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Mysterious Bronze Disc Found at 2,000-Year-Old Antikythera Shipwreck Resembles Ancient ‘Computer’

More than a century ago, a device now known as the Antikythera mechanism was found near a Roman shipwreck from the 1st century B.C. It could calculate astronomical changes with precision. It has baffled archaeologists with its sophistication, far beyond anything expected from so long ago. The Antikythera Mechanism is a 2000-year-old mechanical device used to calculate the positions of the sun, moon, planets, and even the dates of the ancient Olympic Games. (Wikimedia Commons) Marine archaeologists are now further exploring the wreck, off the Greek island of Antikythera in the Aegean Sea, and bringing up…

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Watch the virtual 3D reconstruction of the Antikythera Mechanism – world’s oldest analog ‘computer’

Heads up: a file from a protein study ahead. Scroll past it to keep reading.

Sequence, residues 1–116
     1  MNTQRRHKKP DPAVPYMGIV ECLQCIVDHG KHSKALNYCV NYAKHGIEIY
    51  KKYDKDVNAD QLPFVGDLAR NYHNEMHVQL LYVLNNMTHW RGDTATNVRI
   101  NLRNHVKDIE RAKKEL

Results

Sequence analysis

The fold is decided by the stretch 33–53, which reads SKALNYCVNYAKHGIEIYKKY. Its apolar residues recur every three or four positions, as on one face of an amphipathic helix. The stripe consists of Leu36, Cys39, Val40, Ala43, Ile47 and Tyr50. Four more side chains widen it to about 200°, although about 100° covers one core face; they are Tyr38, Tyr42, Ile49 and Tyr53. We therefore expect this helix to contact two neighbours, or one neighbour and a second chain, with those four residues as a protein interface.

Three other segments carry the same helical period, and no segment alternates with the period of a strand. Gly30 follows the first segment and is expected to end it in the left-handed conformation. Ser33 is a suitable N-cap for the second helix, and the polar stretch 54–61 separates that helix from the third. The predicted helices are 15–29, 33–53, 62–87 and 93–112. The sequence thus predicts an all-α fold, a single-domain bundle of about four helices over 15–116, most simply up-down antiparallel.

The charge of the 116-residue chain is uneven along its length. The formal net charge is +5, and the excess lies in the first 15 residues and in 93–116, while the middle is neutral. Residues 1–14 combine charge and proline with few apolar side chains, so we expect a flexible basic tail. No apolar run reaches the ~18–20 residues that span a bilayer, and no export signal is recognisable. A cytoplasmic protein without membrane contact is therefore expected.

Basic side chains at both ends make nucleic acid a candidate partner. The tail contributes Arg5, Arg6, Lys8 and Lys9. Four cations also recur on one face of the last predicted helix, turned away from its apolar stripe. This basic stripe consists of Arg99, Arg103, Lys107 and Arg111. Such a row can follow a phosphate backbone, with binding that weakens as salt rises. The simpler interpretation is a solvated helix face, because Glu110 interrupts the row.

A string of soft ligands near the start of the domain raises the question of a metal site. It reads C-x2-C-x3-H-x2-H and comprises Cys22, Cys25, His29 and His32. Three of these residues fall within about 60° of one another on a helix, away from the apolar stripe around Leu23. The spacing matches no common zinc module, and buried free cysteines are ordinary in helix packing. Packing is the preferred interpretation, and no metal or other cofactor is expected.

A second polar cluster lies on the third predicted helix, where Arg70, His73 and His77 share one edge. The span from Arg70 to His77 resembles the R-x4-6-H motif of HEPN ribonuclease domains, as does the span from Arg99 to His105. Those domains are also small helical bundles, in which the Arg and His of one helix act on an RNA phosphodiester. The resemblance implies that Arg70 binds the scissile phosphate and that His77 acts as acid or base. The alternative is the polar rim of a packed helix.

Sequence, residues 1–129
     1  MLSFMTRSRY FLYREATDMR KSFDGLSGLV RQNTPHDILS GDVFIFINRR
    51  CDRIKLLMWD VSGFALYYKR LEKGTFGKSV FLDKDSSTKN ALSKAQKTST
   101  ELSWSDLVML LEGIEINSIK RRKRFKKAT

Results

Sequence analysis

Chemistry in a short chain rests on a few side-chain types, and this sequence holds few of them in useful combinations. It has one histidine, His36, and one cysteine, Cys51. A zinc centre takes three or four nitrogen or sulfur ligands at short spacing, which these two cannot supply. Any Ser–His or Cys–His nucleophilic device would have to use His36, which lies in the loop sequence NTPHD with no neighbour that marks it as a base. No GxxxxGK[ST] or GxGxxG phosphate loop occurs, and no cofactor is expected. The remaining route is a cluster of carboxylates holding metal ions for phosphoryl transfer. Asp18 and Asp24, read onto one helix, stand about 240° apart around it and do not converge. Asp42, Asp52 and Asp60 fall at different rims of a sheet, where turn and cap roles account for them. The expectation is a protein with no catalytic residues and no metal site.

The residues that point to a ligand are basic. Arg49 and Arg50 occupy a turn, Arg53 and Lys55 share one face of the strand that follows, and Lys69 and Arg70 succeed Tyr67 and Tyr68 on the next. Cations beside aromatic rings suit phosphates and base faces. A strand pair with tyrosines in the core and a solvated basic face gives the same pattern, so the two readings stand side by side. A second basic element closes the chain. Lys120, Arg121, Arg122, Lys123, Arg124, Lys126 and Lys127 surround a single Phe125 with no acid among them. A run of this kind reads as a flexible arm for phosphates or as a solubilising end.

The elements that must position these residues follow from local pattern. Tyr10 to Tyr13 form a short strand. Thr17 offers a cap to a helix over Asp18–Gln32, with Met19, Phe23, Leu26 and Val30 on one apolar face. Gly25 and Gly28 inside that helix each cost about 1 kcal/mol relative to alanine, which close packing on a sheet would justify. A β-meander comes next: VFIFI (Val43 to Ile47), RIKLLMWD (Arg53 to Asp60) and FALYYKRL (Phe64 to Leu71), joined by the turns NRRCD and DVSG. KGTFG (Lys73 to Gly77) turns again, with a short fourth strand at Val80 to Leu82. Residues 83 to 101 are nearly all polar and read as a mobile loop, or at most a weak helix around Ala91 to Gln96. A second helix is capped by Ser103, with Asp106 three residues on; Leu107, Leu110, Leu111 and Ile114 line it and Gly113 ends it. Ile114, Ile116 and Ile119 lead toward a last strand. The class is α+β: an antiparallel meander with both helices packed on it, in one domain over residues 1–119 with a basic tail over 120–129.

Widely touted as the world’s oldest analog computer, the Greek-made Antikythera Mechanism was salvaged from Antikythera, an underwater location, south of Greece, in 1900. And since then the proverbial ‘contraption’ has astonished archaeologists and scientists alike, by virtue of not only its advanced workmanship but also its fascinating (and rather enigmatic) purpose/s. To that end, the artifact is often also stated as the world’s oldest gear ‘machine’ (based on the workings of the differential calculator) – crafted to predict various complex astronomical observances, including planetary positions and eclipses. The reconstruction…

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